Archiver > GEN-MEDIEVAL > 2008-06 > 1213125575

From: John Brandon <>
Subject: Did Mr. George Cleeve's wife Joan leave any descendants?
Date: Tue, 10 Jun 2008 12:19:35 -0700 (PDT)

I was going to "do up a big production" on this topic, but the reason
for my doubts about this line is very simple and can be easily and
quickly summarized. It’s a matter of chronology.

Gary Boyd Roberts shows a royal line for Joan Price, the second (? or
third) wife of George Cleeves of Maine, from Henry I of England
through Welsh families, the most recent part of the descent being in
the Price of Newtown family, culminating in Joan's father John Price,
vintner of Shrewsbury (fl. 1620). For this, he cites articles by John
Plummer published in the Cleeves family newsletter (early 1990s).

Has anyone seen these articles? I was always personally a little
doubtful because the father of John Price, vintner, is stated to have
been a "capper" in his son’s apprenticeship record (? or record of his
admission as vintner of Shrewsbury)-- and this occupation did not
sound very upper-crust to me. Does anyone know exactly what a
“capper” does?

Anyway, I've finally procured a copy of an excellent article I had
been wanting to read for several years: Robert J. Dunkle, "The
Andrews-Cogswell-Page Bible", _The Genealogist_ 3 [1982]. This
article (almost 50 pages in length) states that Dorcas Mitton, wife of
James Andrews (whose family the Bible concerns), was born ca. 1627/8
and died 1696, citing her gravestone in the Granary Burying Ground at
Boston, which records her age at death as "69 years." Her husband was
baptised in 1625 in London, and she bore children between the early
1650s and early 1670s, so these dates seem likely to be correct.

Now ... it's quite clear that this Dorcas Mitton was a daughter of
Michael Mitton, gent., of Maine, whose wife is certainly known to have
been Elizabeth, the daughter of George Cleeve:

The problem is this: George Cleeve married Joan Price on 7 Sept. 1618
at St Chad's, Shrewsbury, a fact reported in both _Great Migration
Begins_ and _Genealogical Dictionary of Maine and New Hampshire_. The
_Great Migration Begins_ sketch shows the children of George and Joan
as Elizabeth, b. say 1619 [no actual baptismal record was found];
Cleombrotus, bapt. 13 March 1621 at St. Chad’s (d. 1621); and Anne,
bapt. 24 June 1623 at St. Chad’s (d. 1624).

[Before I become too certain about this theory, can anyone explain why
the 7 Sept. 1618 marriage of Cleeve and Price is not found in IGI
batch M015751, which is marriages at St. Chad’s, Shrewsbury, in the
appropriate period? The corresponding batch for baptisms, P015751,
certainly shows the children Cleombrotus and Anne Cleeve.]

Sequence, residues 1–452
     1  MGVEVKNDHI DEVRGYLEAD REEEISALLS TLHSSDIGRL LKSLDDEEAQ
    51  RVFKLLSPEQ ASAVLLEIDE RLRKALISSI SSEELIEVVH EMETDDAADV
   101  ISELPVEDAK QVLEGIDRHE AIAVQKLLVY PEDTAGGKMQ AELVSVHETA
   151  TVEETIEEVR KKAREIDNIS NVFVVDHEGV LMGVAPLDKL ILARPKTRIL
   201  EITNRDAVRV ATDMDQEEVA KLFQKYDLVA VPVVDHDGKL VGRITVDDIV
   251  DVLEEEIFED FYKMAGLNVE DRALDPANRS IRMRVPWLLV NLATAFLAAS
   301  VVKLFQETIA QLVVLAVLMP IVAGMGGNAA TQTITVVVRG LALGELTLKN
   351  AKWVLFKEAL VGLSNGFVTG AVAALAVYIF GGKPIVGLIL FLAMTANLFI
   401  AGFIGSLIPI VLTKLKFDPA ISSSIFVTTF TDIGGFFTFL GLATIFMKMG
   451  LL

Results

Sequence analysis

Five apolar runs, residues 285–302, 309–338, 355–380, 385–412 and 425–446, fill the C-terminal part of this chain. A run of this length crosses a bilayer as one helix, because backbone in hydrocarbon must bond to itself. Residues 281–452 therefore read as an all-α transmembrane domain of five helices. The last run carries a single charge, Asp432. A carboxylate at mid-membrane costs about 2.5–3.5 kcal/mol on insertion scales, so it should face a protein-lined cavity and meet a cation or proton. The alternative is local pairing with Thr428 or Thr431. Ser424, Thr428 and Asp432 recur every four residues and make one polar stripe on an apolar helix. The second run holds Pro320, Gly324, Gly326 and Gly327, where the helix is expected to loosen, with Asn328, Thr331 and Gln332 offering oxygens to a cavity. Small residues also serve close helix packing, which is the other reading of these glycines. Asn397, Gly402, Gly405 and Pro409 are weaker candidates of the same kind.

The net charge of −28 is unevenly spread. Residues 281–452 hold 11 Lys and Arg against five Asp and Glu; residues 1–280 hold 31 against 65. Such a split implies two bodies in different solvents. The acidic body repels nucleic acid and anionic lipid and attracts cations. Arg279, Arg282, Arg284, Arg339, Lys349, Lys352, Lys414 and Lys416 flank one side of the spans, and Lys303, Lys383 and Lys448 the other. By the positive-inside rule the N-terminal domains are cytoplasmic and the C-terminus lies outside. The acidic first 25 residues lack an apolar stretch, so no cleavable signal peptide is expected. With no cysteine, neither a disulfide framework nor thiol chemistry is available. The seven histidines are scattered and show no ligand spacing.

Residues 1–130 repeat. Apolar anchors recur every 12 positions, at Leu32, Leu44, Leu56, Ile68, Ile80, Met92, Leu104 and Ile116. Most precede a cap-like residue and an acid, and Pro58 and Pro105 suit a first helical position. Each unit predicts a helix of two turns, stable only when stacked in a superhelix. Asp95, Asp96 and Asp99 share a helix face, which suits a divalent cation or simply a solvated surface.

The daughter Elizabeth Cleeve is universally said to have married
Michael Mitton, gent., ca. 1637, when he came to New England with Mr.
Cleeve, who was returning from a meeting with Sir Ferdinando Gorges:

The _Genealogical Dictionary of Maine and New Hampshire_ follows this
source in dating the Cleeve-Mitton marriage to ca. 1637, as does
_Great Migration Begins_.

However, as we can see, Michael and Elizabeth must have been married
much earlier, and therefore Joan (Price) Cleeve, married in 1618,
could not be the mother of Elizabeth Cleeve, who was already having
her own children only ten years later (1627/8).

I think this necessitates that we make Elizabeth Cleeve a daughter of
George by an earlier wife. _Great Migration Begins_ assigns only one
prior marriage to him:

MARRIAGE: (1) London by license 17 October 1612 Alice (___) Abrook,
widow of William Abrook, born about 1581 (aged 31 at marriage [NEHGR
140:180]); she died by 1618.


Even this is rather a stretch, assuming that any daughter of this
marriage was born mid-1613 at the earliest. She would then be married
and having children by age 14 or 15. I think we have to assume
Elizabeth was born a few years before 1612, and that George Cleeve had
an even earlier marriage (as he was apprenticed in 1600 for 7 years,
this is distinctly possible).

The one good feature of this chronological difficulty is that instead
of making Michael Mitton a person who accompanied Cleeve to Maine in
1637 _and then married his daughter_, it makes it very likely that
Mitton married Elizabeth Cleeve a decade earlier, in the vicinity of
Shrewsbury, where her father was then living.

As Mr. Thomas Lewis, early Maine settler, and close friend and
associate of Cleeve, had a mother-in-law who came from the armigerous
Mitton family of Shropshire (with a line of royal descent), it seems
quite possible that Michael Mitton was also from this family.

Mitton certainly appears in the New England records in a rather
picturesque way. Henry Jocelyn seemed to believe his account of
tangling with a merman:

“One Mr. Mittin related of a Triton or Meere-Man, which he saw in
Casco Bay. The gentleman was a great Fowler and used to go out with a
small boat or Canow, and fetching a compass about a small island for
the advantage of a shot was encountered with a Triton, who laying his
hands upon the side of the Canow, had one of them chopt off with a
hatchet by Mr. Mittin, which was in all respects like the hand of a
man. The Triton presently sunk, dying the water with his purple blood
and was no more seen.”,M1

Then, of course, John Winthrop tells the story of how “mr mitton a
married man” seduced Mary Martin, daughter of a decayed gentleman who
had left her in his care to return to England:

Michael Mitton himself seems to have been mostly an afterthought in
Winthrop’s moralizing story.

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